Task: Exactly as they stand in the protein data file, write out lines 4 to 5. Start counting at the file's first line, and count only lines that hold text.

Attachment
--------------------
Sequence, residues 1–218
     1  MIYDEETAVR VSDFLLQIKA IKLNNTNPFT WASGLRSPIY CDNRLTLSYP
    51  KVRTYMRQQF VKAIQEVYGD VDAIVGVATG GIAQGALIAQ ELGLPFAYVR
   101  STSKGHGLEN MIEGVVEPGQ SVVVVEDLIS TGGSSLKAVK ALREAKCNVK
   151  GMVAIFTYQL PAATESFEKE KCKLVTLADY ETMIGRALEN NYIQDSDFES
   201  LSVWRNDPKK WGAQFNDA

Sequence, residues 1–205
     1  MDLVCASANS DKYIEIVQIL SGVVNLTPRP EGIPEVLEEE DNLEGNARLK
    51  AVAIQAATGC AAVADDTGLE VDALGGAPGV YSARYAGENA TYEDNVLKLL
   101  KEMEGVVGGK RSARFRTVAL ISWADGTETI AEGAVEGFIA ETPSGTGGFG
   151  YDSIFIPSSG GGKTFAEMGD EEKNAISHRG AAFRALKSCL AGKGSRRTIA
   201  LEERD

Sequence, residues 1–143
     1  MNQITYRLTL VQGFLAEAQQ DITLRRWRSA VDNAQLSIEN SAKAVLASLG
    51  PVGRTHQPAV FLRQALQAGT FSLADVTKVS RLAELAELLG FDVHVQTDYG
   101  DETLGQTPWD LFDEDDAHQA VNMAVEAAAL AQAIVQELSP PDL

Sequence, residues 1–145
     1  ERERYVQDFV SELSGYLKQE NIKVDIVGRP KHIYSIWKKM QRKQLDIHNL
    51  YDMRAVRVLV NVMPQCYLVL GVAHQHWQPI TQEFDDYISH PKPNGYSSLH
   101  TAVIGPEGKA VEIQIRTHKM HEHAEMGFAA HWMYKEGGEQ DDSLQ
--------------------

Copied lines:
   101  STSKGHGLEN MIEGVVEPGQ SVVVVEDLIS TGGSSLKAVK ALREAKCNVK
   151  GMVAIFTYQL PAATESFEKE KCKLVTLADY ETMIGRALEN NYIQDSDFES